Sunday, October 12, 2014
Putting the Bubbles in the Bottles
Our group had a tour of the Korbel Winery, which has been producing wine on this site in Sonoma County, CA since 1882.
Here we learned the fascinating story of the founders, three Bohemian (Czechoslovakian) brothers, as well as learning more about the process of creating "champagne style" wine. (The folks in the Champagne region of France took exception to other effervescent wines bearing their name! Producers outside of the region must identify their product in a slightly different manner, thus Korbel creates "California Champagne" or "Russian River Valley Champagne")
Here is our group standing outside the ivied walls of the original building. The tower in the background is identical to a tower in which Francis Korbel was imprisoned after firing a shot in an uprising against the Government in Prague. He and his family had an interesting past!
The large, original casks were created on site in the cellars.
Currently Korbel uses only small oak barrels for fermentation
of their finer wines.
After fermentation the wine is bottled and capped, using a cap similar to that on a beer bottle. The bottles are stored for varying periods of time. The candle shows how the vintners lit their cellars where bottles were stored, prior to electricity.
After the fermentation process is complete the bottles are moved to riddling racks. Here the bottles are held at a downward angle. Vintners shook and turned each bottle several times a day. Adolf Heck, Korbel's second owner, created the first automated riddling rack. Riddling causes the sediment to move into the neck of the bottle.
The machines pictured below are those that were originally used to finish the bottling process. Following riddling, the neck of the bottle is held in a slurry of salt and ice to freeze the sediment plug. The temporary cap of the bottle is removed and the sediment plug is pushed out by pressure created by the slightly warmer contents of the bottle. (There are no bubbles in the wine at this time.) A mixture of wine and additional sugar is added to the bottle. The sugar encourages fermentation to begin again, causing the build-up of carbon dioxide, and this is what makes the 'champagne style' bubbles. Each type of wine has a different "dosage" (pronounced with a French accent, like dressage). The dryer (Brut) champagnes have a small amount of sugar added. We tasted one with a dosage of 1. It was almost lip-puckering dry. The sweetest variety I tried (and liked) had a dosage of 6.5. It was much sweeter. The French have high opinions of their process, which is (as I understand it) the same thing that is used to create bubbles in lowly beer!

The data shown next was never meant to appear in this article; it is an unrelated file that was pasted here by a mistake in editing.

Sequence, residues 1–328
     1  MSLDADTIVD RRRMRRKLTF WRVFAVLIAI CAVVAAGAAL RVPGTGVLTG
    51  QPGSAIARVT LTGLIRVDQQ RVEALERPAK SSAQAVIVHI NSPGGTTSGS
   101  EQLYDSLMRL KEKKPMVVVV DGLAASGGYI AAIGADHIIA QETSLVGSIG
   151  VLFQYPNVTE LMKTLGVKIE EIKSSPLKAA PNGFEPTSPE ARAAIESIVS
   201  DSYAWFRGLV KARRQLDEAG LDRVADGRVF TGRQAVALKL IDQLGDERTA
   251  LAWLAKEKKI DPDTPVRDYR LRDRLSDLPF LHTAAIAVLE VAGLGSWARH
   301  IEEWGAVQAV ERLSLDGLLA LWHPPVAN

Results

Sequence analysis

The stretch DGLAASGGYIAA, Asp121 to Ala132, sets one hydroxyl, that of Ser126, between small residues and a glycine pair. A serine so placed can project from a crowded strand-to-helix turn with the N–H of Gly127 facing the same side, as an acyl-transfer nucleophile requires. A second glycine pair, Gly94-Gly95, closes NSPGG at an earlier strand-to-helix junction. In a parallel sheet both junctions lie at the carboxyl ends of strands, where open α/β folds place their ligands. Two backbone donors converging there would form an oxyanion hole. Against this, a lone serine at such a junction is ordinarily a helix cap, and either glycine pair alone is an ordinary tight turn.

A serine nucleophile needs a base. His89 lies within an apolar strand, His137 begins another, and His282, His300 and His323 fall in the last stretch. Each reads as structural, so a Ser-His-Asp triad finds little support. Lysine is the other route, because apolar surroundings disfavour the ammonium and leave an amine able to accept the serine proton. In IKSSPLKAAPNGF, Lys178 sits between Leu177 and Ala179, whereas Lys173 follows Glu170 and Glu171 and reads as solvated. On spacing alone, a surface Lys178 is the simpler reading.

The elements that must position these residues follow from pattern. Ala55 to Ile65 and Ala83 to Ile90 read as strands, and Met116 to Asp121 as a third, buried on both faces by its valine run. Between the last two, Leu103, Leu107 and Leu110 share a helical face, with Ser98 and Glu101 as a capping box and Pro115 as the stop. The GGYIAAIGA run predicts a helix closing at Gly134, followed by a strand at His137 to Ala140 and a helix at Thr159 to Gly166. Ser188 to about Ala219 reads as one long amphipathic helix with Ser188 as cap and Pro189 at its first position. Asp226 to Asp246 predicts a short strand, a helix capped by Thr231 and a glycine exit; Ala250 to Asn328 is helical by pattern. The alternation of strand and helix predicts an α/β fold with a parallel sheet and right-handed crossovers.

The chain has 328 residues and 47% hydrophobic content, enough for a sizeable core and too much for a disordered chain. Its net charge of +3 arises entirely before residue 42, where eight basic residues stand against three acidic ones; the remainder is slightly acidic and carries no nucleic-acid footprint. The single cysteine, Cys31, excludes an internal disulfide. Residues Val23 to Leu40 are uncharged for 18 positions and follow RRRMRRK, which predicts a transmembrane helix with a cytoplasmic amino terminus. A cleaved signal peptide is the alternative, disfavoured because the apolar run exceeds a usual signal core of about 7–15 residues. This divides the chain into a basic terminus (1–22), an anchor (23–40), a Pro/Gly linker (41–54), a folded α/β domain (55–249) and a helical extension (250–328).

Once the dosage has been added, the bottles are corked. If you have ever had Champagne, or a 'Champagne style' wine, then you are familiar with the cork, which is different than that used in regular wines. The cork is much wider in diameter, and before it is pressed into the bottle, the diameter of the cork is the same along its entire length. The corking machine compresses one end of the cork and it is driven part way into the neck of the bottle. The upper portion extends over the lip of the bottle and is held in place with a wire cage. This helps seal the bottle more effectively than a traditional cork.
There are other means of adding bubbles to wine, including simply adding carbon dioxide in the final bottling or performing a secondary fermentation in the tank and bottling it under pressure.
I have included a video we saw at the winery that reviews the history of Korbel.
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